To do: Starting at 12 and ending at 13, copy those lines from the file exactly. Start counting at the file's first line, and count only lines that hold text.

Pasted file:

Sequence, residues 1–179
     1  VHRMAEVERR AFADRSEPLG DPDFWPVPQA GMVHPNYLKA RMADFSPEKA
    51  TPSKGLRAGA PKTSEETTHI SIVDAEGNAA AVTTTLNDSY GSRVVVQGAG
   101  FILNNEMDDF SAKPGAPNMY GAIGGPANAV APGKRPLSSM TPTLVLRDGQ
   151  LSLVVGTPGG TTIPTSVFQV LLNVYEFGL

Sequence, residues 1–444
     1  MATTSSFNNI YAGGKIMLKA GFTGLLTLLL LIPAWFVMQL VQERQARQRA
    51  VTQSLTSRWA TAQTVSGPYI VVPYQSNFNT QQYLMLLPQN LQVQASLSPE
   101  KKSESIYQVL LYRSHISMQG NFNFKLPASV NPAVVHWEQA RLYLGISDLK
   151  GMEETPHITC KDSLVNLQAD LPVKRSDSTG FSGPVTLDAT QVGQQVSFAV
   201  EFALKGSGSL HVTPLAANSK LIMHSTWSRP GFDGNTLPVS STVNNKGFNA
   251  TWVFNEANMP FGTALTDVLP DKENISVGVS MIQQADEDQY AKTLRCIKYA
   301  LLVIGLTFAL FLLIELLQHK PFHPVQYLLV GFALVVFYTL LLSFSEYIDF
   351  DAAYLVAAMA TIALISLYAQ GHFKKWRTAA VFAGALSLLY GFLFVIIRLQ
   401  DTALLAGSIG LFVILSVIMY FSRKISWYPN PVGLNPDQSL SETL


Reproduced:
   251  TWVFNEANMP FGTALTDVLP DKENISVGVS MIQQADEDQY AKTLRCIKYA
   301  LLVIGLTFAL FLLIELLQHK PFHPVQYLLV GFALVVFYTL LLSFSEYIDF